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    Increase both torque and horsepower since the EPA forced the factory to de-tune the motor for emissions. This is the easy cam install, it gets more involved as you go bigger and need to raise the compression ratio to get the most out of the bigger cams.
     
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  4. reloaderbmg

    reloaderbmg OLD DOG

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    do you lose bottom end with a .600 cam?
     
  5. Trainguy

    Trainguy Chromeoholic
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    Very nice Steve:2thumbs:
     
  6. PaulHart

    PaulHart Well-Known Member

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    Well done! I'll be saving this one. Thanks. :cheers: :2thumbs:
     
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  7. MARV

    MARV Well-Known Member

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    it will if you dont bump comp a bit.

    S&S recommends 10 - 10.5:1 and oem is approx 9.6:1

    cut the jugs to zero deck and it'll be a whole new animal :up:
     
  8. Bowhunter

    Bowhunter Well-Known Member

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    Like Marv said, I know this bike would be a beast with the .600 done properly, but for now I am going with a easy cam switch that does not require extensive engine work.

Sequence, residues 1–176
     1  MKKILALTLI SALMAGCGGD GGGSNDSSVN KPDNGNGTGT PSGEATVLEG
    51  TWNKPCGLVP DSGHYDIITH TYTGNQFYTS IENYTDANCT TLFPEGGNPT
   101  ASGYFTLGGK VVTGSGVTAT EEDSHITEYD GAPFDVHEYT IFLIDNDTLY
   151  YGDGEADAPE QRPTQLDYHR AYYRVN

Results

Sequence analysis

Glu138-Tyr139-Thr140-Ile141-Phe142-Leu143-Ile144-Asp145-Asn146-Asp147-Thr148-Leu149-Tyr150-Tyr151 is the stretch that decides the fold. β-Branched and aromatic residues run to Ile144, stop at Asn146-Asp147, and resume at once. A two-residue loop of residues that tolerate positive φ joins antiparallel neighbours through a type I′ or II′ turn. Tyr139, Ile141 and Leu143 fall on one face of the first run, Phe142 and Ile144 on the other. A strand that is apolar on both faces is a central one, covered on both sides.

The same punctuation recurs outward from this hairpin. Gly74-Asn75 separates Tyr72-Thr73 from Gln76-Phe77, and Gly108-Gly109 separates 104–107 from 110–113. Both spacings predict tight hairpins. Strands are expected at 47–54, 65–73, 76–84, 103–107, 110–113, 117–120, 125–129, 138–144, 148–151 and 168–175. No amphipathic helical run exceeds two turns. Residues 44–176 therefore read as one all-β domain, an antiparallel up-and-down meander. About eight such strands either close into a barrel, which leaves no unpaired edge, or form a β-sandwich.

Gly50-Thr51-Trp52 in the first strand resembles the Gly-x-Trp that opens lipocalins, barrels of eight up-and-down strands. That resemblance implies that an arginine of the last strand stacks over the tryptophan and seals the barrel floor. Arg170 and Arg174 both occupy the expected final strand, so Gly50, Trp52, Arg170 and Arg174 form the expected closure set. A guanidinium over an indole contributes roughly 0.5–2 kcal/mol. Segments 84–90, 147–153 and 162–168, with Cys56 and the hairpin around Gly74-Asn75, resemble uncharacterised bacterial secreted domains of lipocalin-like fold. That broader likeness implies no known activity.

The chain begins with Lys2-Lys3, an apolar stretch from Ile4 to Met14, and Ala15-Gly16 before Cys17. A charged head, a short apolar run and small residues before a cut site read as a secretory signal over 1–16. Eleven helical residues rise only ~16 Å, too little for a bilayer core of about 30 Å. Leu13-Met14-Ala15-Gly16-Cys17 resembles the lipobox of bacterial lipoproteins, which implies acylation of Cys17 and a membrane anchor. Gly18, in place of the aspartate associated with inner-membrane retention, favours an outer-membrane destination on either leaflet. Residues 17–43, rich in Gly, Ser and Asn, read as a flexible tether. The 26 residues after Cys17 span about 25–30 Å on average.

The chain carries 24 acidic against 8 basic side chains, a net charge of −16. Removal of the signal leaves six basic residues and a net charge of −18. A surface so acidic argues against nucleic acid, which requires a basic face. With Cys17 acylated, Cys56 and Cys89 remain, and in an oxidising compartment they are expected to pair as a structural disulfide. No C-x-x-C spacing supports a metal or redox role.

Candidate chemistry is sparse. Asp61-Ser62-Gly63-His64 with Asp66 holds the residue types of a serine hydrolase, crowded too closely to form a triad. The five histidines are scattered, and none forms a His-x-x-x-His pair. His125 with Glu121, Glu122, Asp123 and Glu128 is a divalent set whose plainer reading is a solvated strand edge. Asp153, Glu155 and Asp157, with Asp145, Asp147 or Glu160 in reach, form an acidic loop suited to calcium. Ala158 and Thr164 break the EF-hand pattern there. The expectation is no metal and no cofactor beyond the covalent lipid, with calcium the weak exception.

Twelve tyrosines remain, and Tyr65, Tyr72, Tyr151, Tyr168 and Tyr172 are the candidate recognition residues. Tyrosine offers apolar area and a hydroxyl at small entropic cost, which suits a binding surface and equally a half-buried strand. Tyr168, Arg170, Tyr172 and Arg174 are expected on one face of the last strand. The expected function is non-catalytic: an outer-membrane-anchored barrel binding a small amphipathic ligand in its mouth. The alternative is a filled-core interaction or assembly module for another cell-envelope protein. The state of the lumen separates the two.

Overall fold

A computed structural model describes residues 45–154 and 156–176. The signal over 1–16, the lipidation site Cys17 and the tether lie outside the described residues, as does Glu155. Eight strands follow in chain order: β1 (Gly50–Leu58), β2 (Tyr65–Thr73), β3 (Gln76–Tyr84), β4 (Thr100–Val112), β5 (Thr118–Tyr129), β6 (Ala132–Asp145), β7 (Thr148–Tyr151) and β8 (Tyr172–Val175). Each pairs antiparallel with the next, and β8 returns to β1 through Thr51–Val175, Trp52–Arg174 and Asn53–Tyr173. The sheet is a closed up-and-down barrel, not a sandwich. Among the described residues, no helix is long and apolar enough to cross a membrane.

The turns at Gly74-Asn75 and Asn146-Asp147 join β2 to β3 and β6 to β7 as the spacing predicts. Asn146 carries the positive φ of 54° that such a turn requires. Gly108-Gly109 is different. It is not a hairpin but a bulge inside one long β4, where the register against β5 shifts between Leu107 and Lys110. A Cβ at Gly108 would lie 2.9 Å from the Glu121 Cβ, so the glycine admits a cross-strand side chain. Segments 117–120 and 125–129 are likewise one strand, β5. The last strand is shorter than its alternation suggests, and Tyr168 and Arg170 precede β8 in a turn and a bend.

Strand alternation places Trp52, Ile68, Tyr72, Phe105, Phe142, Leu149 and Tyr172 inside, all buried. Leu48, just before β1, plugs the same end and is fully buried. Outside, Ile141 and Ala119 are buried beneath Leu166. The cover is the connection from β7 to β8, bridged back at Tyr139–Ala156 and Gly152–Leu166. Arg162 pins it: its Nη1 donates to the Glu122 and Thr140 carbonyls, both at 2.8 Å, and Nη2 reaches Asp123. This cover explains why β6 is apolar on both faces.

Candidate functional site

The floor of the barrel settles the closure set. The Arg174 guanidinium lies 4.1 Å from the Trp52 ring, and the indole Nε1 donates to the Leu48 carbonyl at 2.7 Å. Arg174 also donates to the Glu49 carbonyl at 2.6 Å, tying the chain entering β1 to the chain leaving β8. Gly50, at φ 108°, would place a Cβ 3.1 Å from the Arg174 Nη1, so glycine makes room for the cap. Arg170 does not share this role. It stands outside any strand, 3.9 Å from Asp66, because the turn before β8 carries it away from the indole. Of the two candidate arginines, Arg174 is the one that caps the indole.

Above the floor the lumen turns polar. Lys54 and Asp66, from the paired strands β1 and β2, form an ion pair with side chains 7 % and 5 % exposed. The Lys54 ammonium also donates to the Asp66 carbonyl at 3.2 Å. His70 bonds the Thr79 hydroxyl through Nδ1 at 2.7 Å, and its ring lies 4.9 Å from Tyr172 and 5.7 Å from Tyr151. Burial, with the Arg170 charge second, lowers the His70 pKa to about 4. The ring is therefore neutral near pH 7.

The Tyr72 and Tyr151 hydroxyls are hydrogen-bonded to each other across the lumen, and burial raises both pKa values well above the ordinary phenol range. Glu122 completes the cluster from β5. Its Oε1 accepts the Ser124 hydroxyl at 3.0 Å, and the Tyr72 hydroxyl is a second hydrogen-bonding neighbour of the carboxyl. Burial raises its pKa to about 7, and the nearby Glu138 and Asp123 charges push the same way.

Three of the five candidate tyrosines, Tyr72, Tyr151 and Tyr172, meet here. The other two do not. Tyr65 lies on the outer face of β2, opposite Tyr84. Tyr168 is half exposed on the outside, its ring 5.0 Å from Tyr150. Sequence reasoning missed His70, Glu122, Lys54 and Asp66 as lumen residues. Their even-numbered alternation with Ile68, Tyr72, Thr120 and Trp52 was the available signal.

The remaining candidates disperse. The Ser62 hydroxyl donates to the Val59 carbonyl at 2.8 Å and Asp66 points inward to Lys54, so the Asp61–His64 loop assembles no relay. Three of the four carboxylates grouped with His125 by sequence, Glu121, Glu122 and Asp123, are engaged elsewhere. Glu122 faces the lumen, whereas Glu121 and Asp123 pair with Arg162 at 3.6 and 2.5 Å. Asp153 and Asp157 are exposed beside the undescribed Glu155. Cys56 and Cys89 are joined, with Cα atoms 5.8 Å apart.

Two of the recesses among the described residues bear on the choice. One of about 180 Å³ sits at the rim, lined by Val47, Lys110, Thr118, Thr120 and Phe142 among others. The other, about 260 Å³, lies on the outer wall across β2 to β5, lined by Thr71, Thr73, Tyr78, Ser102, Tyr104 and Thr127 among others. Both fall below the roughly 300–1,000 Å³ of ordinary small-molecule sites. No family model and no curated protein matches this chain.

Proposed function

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  9. postman

    postman Active Member

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    Bowhunter did mine last weekend , he did a awsome job on mine, I was the guinea pig before his upgrade but he is a great friend and mec.
     
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  10. narow37

    narow37 Angry Southern White Man

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    question? Do you need to slather assembly lube on the cam when you install it? do you need to drain the oil before starting? can the gasket be had at a local harley shop or is it specific to S&S and where do you get the shims if needed? these are the only things that I wonder about now and thanks Bowhunter for the how-to. sticky please.
     
  11. wyatt580

    wyatt580 Well-Known Member

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    great how to thanxx
     
  12. aspen874

    aspen874 Well-Known Member
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    Steve, excellent post, please let us know your comments after you ride it awhile
     
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  13. nine lives

    nine lives Active Member

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    Bowhunter, not to rain on your parade but, when I do a cam, I usually remove the tappet blocks to have access to the cam from the hole In block where the tappet blocks mount. Why? Because I check for cam end play by installing the cam, mounting nose cone and new gasket. I then use a feller gauge to check end play. I add or remove shims for proper end play. I understand that you measured the cams length so you would assume that the shims would be the same. But if the cam you removed was not shimmed properly to begin with or the bearings seated, or ware etc., you would have improper cam end play.